Tabish Khan loves art and visits hundreds of exhibitions a year. In this column he points out failings and in this case positive attributes about the art world.
Avid readers of this column will know I’ve railed against how video art is often presented – with poor seating, unclear narratives and timing.
Well this time I’ve spotted a major improvement in the Matthew Barney exhibition at Hayward Gallery. The show centres around a two hour plus film that’s broadcast on a large screen and with comfortable seating. Now if that’s not winning enough, the ticket also contains a link to watch the film at home. This is a major bonus for anyone who doesn’t fancy wearing a mask for that long or walks in on the middle of the film and doesn’t want to wait for it to start again.
Visitors can get the atmosphere of watching it in the gallery setting as intended but without having to fully commit to a full viewing of the film in the gallery — on top of seeing the rest of the exhibition on their visit.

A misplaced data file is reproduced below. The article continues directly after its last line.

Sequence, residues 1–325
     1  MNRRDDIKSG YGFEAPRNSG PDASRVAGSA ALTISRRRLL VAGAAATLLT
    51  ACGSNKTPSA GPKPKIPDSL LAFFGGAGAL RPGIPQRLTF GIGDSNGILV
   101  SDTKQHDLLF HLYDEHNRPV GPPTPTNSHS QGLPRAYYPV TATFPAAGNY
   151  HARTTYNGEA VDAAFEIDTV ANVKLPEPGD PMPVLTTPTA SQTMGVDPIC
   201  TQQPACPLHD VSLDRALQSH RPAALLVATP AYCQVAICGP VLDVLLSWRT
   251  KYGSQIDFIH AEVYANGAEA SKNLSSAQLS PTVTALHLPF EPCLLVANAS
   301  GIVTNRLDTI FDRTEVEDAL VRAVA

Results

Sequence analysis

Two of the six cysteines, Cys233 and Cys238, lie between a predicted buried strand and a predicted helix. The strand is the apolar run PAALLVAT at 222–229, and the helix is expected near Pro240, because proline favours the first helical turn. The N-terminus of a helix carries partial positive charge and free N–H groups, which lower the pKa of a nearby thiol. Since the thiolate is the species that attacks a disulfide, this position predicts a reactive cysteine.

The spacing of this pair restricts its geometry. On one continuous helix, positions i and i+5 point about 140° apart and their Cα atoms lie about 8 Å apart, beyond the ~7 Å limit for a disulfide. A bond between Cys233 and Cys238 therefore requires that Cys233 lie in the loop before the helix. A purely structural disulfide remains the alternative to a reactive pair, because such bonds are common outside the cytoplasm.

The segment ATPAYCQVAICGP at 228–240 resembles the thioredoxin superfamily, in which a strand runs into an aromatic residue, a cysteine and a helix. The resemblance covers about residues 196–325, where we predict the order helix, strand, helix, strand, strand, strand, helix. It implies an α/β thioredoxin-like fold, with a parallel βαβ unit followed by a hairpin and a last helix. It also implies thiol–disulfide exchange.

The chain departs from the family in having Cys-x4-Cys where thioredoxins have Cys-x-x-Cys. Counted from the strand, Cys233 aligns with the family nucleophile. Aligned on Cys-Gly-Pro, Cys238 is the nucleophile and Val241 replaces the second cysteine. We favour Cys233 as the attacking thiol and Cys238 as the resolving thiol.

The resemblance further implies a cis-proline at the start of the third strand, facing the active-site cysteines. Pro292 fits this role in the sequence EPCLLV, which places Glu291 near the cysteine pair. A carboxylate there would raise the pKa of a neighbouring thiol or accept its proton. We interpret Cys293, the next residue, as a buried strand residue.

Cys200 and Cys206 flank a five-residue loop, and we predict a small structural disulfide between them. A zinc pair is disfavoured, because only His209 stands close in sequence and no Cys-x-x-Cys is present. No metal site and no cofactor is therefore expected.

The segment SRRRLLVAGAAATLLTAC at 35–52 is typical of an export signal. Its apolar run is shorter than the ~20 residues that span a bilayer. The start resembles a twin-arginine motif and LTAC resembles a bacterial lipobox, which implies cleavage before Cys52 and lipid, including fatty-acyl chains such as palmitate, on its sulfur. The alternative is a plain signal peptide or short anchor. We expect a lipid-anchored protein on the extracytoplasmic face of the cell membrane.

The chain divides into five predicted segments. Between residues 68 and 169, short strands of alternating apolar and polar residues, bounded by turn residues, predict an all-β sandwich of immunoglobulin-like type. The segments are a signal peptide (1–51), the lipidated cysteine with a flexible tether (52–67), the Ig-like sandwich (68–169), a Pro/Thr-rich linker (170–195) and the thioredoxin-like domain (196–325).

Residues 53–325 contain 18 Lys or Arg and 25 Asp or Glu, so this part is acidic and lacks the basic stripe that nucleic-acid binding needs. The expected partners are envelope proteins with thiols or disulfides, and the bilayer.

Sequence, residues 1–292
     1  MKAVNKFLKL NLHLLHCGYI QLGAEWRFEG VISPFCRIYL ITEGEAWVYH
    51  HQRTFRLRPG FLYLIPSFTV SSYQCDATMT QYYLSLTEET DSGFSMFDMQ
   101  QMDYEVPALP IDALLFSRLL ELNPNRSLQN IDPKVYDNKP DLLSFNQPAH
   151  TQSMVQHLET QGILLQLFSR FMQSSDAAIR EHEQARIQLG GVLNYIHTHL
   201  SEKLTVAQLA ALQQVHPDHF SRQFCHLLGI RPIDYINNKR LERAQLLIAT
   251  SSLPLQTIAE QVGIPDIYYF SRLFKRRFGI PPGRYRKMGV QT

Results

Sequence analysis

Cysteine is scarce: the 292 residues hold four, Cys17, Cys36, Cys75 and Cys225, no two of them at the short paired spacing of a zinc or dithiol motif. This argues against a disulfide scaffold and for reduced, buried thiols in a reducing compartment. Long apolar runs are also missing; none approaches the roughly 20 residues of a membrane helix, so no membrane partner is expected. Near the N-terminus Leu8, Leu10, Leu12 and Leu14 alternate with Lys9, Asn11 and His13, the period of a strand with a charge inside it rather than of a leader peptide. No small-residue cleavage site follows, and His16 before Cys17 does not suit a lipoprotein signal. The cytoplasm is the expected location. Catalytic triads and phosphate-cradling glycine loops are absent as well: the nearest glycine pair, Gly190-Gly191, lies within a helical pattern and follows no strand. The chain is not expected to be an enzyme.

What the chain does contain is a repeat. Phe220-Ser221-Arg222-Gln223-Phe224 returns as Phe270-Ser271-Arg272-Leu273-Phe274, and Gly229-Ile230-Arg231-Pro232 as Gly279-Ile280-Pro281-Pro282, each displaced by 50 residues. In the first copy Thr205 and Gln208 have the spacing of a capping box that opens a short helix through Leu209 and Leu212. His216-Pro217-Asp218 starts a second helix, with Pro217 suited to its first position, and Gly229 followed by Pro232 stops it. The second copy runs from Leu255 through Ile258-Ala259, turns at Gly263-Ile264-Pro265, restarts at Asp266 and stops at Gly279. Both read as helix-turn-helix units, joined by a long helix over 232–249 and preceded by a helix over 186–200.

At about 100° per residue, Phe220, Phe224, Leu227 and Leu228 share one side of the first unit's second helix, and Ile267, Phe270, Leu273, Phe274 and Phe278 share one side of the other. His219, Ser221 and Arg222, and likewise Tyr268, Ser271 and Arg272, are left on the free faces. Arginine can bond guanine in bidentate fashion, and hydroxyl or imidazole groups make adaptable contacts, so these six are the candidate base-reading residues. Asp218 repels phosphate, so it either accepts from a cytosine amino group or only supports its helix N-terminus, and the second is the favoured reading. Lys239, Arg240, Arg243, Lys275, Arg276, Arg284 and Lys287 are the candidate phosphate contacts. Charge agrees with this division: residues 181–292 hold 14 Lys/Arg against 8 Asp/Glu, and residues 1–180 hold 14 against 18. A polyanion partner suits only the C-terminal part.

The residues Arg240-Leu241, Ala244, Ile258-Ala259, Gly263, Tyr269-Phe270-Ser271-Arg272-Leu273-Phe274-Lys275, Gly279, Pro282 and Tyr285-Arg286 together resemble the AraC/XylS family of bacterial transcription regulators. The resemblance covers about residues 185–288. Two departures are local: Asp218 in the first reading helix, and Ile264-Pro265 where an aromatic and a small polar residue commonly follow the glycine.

It’s such a simple thing done well that it makes me wonder why it isn’t done in every exhibition where there’s a lengthy film on show, and hopefully it will be for future exhibitions I visit.
It’s worth noting that some platforms like Daata have been offering video art at home for some time now, and it’s great to see major exhibitions catching on.
Photo: Mark Blower.
For more in this series, see my thoughts on the Hockney roundel, art finds a way, art being free, Online exhibitions, Turner Prize 2019, artist’s request for feedback, the reaction to the shredded Banksy, #FriezeWeek, Blockchain hype, Finding art, Private views, Art itself, Appointment only exhibitions, Artificial Intelligence replacing artists, Everyone’s a Critic, Photo London, The Turner Prize, Art for art’s sake, Conceptual art is complicated, Condo, How performance art is presented in museums, Frieze week floozies, too much respect for an artist’s legacy, opinions not being welcome, an exhibition across three countries, tackling race and gender in art, artist-curators, art fair hype, top 5s and top 10s, our political art is terrible, gap left by Brian Sewell, how art never learned from the Simpsons, why artspeak won’t die, so-called reviews, bad reviews are bad for business, the $179m dollar headline, art fairs appealing to the masses, false opening hours, size matters and what’s wrong with video art.